No tax on "excess profits": Why Germany lets the oil multinationals keep their war billions

Mineral oil companies and other energy suppliers make billions in profits, while industry and consumers groan under the record prices.

No tax on "excess profits": Why Germany lets the oil multinationals keep their war billions

Mineral oil companies and other energy suppliers make billions in profits, while industry and consumers groan under the record prices. Other countries want to tax the so-called excess profits. Italy introduces a special tax. Germany does the opposite.

The oil company Saudi Aramco posted a profit of 40 billion dollars in the first quarter of this year alone. An increase of more than 80 percent compared to the previous year. The largest western oil companies known as "Big Oil" meanwhile doubled their profits to a total of 30 billion euros in just three months. The gigantic profit increases of these and some other companies have also been paid for by German consumers and companies. It will probably be several thousand euros this year that an average household will have to spend more on electricity and heating than in the previous year.

The redistribution of billions of euros from energy consumers to oil and gas suppliers not only violates the sense of justice. It is a problem for the entire economy. Rising prices fuel inflation. Consumers have significantly less money, which is likely to be reflected in falling domestic demand in the coming months. Many industrial companies are in danger of going bankrupt under the burden of high energy costs.

All of these are good reasons to take back the so-called excess profits from the energy companies and to support consumers or companies who are particularly burdened with the money. Several countries are working on a "windfall tax". Spain introduced one last fall. Italy has now decided. The EU Commission has already given the green light - subject to a number of restrictive conditions - for a time-limited special tax for the energy sector. However, controversial plans for "windfall taxes" are also on the table in the USA and Great Britain.

In Germany, on the other hand, the federal government has so far played it down. Economics Minister Robert Habeck brought the idea into play as early as March, when he called the "skimming off of excess profits" an "important issue". But he immediately went on to say how difficult it was to implement. Finance Minister Christian Lindner has categorically rejected the idea several times. This is not compatible with German tax law and makes no political sense. The corporations should make large investments in renewable energies. You shouldn't take away their profits now. Experts see things differently. Because the enormous additional income that those who have access to raw materials such as natural gas or oil are now making is not due to their own investments, but they are profiting from the war in Ukraine.

The basic idea of ​​an excess profit tax is absolutely correct, says the economist and tax expert Stefan Bach from the German Institute for Economic Research (DIW): "Economic rents - i.e. profits that accrue without anyone doing anything for them - should generally be heavily taxed.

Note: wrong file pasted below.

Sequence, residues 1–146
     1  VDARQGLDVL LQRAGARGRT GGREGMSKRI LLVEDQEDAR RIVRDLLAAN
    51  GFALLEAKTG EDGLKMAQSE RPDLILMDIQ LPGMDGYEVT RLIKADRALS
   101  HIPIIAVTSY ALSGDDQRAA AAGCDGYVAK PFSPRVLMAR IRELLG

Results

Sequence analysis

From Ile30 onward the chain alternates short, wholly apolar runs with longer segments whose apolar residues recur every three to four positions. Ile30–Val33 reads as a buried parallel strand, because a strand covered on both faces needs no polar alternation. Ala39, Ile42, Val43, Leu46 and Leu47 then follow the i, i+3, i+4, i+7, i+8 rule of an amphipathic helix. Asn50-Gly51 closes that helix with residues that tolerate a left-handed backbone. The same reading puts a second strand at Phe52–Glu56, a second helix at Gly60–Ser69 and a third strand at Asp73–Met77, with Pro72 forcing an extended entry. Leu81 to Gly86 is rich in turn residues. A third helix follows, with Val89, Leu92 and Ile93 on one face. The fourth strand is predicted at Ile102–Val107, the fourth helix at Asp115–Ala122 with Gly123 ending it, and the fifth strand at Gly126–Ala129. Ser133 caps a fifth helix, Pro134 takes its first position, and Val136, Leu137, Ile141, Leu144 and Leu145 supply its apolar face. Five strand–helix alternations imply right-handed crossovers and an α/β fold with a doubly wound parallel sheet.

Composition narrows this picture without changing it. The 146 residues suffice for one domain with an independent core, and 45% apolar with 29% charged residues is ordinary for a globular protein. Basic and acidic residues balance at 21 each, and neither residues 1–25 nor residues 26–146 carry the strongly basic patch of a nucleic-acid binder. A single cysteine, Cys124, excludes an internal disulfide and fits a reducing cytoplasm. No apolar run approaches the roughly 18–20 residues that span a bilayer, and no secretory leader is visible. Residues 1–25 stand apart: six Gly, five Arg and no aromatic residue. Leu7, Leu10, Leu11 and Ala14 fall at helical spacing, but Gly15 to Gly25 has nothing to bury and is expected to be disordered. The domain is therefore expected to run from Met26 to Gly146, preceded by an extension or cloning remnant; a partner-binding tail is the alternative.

Skimming off these excess profits is complicated in practice and can easily cause collateral damage, Bach warns. "Companies' profits fluctuate wildly, and determining the actual rate of return is very time-consuming," says Bach. In addition, one should not reduce the incentives to remedy the shortage signaled by the high prices - i.e. to mobilize more energy, preferably renewable. "Therefore, hardly anyone wants to skim off the high profits of the pharmaceutical companies from the corona vaccines that they have successfully developed in a short time."

Lawyers also doubt that it would be permissible in Germany - as the EU Commission proposes and as Italy has decided - to levy a special income tax on a single sector exclusively with the energy companies. A "penalty tax at the expense of specific sectors" is "doubtful in terms of equality law," writes the lawyer and expert in finance and tax law Hanno Kube from Heidelberg University.

Above all, however, a large part of the profits do not accrue in the country in which the consumers live, for example Germany, but at the headquarters of the oil and gas companies. Italy has solved this problem by measuring the tax not on the increase in profit of an energy supplier, but on the change in turnover. Specifically, the income from October 2021 to March 2022 will be compared with that of the same period of the previous year. If the increase is more than five million euros and more than ten percent, this additional income will be subject to a 25 percent special levy. Unlike profits, sales cannot be relocated abroad and can also be determined more easily and quickly from the sales tax returns of each company.

The government estimates that Italy could skim off about ten percent of the approximately 40 billion euro increase in energy costs for consumers among companies with its excess sales tax. Whether this works will be seen in June when the one-time fee has to be paid. The income is intended to relieve the burden on poorer households and energy-intensive companies in particular.

In Germany, the federal government is initially heading in the opposite direction: with the temporary reduction in the energy tax on petrol and diesel, the sales of the mineral oil companies will be massively relieved for three months from June 1st. They are in no way obliged to pass this relief on to consumers in the form of price reductions.